Zatorre et al note, “neuropsychological and neuroimaging studies have shown that the motor regions of the brain contribute to both perception and production of rhythms … the concept that is emerging from this literature is that the analysis of rhythm may depend to a large extent on interactions between the auditory and motor systems” (p 550). They hypothesize, “the dorsal auditory cortical pathway (which streams from the primary auditory cortex) is relevant for spatial processing, and tracks time-varying events. Therefore, a link to motor systems would make sense, as movements occur in time as well as in space” (p 549).

Zatorre et al cite studies that have found activation in the premotor cortex region (PMC) during listening to music by musicians and by non-musicians, and conclude, “these findings demonstrate that auditory-motor interactions can be elicited in non-musicians spontaneously, or more specifically when there is a direct learned mapping between movement and sound” (p 551). Studies that manipulate feedforward (auditory system influencing the motor output) , and feedback (auditory system responding to motor performance) interactions between the auditory and motor systems suggest that not two, but one “single underlying mental representation” governs this interaction. The authors “propose that the circuitry linking auditory systems to motor systems may be the neural substrate of this cognitive representation” (p 550).

Studies using magnetoencephalography (MEG) and transcranial magnetic stimulation (TMS) “support the notion that the auditory and motor systems are tightly coupled in general, and more so in trained musicians than in untrained people” (p 552). The authors include neuroimaging studies that have detected activity in the supplementary motor area (SMA) and premotor areas when both musicians imagine performing (musical imagery), and when non-musicians imagine listening to music, and recognize “the tight coupling between auditory cortices and the portions of the premotor and supplementary motor system” (p 552).


As a musician, it is no surprise to me that neurological evidence supports a connection between music and movement. Without movement, music would only exist in the imagination. What surprises me, however, is the evidence of SMA and premotor activity observed in non-musicians’ brains as they imagine hearing musical excerpts. Since they do not consciously associate music with performance (movement), why would this area be activated?

The strongest argument to explain this auditory / motor connection would be evolutionary development. Levitin (crediting Miller) claims, “under the conditions that would have existed throughout most of our evolutionary history … music and dance were completely intertwined” (2006, 252). Using Levitin as a reference for considering that evolutionary lag is a minimum of 50,000 years, and based on Zatorre’s findings, it is safe to say that all contemporary humans possess a hard-wired tendency to connect music and movement. If (quoting Levitin again), “the archaeological record shows an uninterrupted record of music making everywhere we find humans, and in every era” (2006, p 256), then there should be a strong connection between movement and music in our brains. Our brains’ adaptations are suited for necessitating movement when we hear music. We would need this “instinctual” connection in order to partake in music / dance activities, which were important enough to be part of every known culture known in human history. Quoting Gloria from her blog, “this is not 'evolutionary theory for dummies'. I can (and we all must) acknowledge the body behind music and recognize that in doing music, we are biological beings performing very physical acts” (Gloria’s blog November 12, 2008).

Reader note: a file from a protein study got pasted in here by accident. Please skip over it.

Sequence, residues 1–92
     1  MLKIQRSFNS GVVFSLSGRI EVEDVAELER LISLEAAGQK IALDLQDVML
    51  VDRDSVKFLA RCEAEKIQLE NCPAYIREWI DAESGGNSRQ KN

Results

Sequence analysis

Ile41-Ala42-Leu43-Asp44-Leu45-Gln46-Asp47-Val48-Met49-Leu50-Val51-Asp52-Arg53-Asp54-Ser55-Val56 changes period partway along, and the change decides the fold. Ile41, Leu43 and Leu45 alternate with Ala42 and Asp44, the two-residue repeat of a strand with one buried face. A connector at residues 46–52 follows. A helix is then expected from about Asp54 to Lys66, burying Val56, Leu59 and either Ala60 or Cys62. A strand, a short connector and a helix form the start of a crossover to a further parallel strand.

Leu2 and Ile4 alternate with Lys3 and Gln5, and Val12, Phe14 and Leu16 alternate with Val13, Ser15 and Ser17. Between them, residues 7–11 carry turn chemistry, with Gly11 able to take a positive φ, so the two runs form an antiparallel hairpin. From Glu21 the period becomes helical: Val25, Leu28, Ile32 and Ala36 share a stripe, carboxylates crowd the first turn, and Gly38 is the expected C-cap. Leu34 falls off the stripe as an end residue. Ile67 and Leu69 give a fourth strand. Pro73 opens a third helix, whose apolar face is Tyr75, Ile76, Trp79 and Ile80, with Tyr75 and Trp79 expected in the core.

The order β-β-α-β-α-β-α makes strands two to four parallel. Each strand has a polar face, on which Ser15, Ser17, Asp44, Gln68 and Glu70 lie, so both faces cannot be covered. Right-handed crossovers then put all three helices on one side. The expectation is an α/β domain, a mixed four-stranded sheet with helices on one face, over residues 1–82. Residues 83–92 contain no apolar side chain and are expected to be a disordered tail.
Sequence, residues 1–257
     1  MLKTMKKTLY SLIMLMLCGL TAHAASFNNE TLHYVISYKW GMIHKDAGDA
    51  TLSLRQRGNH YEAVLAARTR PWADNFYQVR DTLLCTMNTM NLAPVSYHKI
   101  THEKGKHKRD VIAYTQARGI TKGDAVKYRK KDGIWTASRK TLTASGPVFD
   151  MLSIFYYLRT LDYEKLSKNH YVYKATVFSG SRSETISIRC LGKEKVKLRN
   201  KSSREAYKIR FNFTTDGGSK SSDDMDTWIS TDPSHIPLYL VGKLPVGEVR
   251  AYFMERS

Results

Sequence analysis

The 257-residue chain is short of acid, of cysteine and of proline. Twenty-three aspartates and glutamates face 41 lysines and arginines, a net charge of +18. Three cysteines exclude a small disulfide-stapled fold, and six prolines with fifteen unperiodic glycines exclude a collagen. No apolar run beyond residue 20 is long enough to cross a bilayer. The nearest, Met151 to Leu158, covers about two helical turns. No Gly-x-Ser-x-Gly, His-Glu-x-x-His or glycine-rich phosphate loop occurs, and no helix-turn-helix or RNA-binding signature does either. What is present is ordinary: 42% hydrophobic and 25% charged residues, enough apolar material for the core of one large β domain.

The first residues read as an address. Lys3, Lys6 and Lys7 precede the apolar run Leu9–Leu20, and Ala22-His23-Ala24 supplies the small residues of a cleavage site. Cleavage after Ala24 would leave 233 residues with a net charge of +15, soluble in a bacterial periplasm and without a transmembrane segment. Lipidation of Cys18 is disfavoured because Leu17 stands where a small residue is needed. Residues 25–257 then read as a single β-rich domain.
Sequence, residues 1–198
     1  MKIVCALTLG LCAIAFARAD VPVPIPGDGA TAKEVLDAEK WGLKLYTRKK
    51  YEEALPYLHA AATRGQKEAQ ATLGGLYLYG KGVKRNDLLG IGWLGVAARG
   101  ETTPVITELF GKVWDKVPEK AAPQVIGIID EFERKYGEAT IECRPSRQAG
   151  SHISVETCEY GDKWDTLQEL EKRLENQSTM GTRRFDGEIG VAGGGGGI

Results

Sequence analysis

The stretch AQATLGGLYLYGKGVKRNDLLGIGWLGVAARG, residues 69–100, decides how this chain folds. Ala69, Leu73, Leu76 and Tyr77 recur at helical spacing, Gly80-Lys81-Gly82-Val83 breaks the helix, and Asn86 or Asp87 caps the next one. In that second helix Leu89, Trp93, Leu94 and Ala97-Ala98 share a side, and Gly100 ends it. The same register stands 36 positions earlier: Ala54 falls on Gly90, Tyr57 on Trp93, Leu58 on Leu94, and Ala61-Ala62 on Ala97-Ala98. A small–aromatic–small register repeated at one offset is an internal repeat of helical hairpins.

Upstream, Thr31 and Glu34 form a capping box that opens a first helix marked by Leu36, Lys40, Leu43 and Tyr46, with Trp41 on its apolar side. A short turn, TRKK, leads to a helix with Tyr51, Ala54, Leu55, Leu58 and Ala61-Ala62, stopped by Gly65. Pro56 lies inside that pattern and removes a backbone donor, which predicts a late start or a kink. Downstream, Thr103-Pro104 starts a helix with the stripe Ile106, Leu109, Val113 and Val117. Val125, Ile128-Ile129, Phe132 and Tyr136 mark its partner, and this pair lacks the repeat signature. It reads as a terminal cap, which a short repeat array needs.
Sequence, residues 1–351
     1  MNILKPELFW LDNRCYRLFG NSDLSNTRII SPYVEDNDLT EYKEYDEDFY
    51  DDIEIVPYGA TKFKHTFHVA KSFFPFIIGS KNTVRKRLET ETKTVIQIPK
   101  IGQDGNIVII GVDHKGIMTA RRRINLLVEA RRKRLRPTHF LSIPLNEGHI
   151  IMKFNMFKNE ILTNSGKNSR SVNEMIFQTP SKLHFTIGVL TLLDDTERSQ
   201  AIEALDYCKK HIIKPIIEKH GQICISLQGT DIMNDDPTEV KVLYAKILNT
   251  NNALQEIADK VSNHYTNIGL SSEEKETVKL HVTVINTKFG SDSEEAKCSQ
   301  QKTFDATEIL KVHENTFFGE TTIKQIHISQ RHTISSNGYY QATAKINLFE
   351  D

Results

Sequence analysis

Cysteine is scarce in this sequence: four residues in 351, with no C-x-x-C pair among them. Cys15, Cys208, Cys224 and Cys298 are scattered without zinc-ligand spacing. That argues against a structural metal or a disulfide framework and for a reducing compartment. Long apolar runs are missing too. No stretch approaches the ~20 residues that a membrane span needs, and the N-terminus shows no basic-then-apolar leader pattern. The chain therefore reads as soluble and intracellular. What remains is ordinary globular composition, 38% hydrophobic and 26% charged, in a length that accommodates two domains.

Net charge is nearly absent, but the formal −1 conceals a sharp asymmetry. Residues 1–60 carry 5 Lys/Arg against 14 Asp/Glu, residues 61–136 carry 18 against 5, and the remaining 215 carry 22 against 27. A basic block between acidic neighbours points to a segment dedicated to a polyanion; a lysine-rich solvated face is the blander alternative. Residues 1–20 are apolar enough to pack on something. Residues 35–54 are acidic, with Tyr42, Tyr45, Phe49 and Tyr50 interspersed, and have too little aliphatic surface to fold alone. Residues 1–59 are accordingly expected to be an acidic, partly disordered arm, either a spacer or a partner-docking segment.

In any music-making event, whether it is a community celebration, or a personal moment of reflection, creating music involves immediate synchronicity between ear and motor response. Levitin states, “it is only in the last five hundred years that music has become a spectator activity” (2006, p 257). Probably nothing has changed during the past 50,000 years as much as music, and the ways that we use and experience it. Zatorre et al's comment, “therefore, a link to motor systems would make sense, as movements occur in time as well as in space” (p 549), indeed, their whole paper, seems to refer more to present day performance practices instead of the far past. The link between music and movement in the brain makes perfect sense when we take the evolutionary lag into account.

Zatorre et al's suggestion that auditory-motor interactions could be the “link between listening and moving” (p 555) may be true for us in today’s culture, but is less likely a reason for the connection to exist, and more likely a “spandrel”, to use Levitin’s terminology (Levitin 2006, p 248). (A spandrel is a byproduct, an unintentional consequential outcome). If the connection between music and movement is already deeply embedded, and has been for so long, why wouldn’t the brain use it to link music and e-motion, letting us be ‘moved’ by music!? – (metaphors being the more truthful and embodied expressions of our beliefs and feelings).


Levitin, Daniel J. (2006) This is Your Brain on Music, the science of a human obsession. Plume, Penguin Group, New York.

MusicBrainerBlogger, Music, Cognition, Culture, and Evolution, published by Gloria, November 12, 2008